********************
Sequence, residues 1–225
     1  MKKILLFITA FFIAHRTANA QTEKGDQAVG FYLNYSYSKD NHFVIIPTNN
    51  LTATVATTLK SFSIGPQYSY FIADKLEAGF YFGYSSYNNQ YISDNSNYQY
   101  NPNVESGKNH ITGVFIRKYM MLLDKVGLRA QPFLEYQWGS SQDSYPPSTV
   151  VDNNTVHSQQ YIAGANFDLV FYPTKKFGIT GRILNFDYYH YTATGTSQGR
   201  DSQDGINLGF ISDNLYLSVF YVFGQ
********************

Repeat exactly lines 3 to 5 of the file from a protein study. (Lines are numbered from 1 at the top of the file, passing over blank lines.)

    51  LTATVATTLK SFSIGPQYSY FIADKLEAGF YFGYSSYNNQ YISDNSNYQY
   101  NPNVESGKNH ITGVFIRKYM MLLDKVGLRA QPFLEYQWGS SQDSYPPSTV
   151  VDNNTVHSQQ YIAGANFDLV FYPTKKFGIT GRILNFDYYH YTATGTSQGR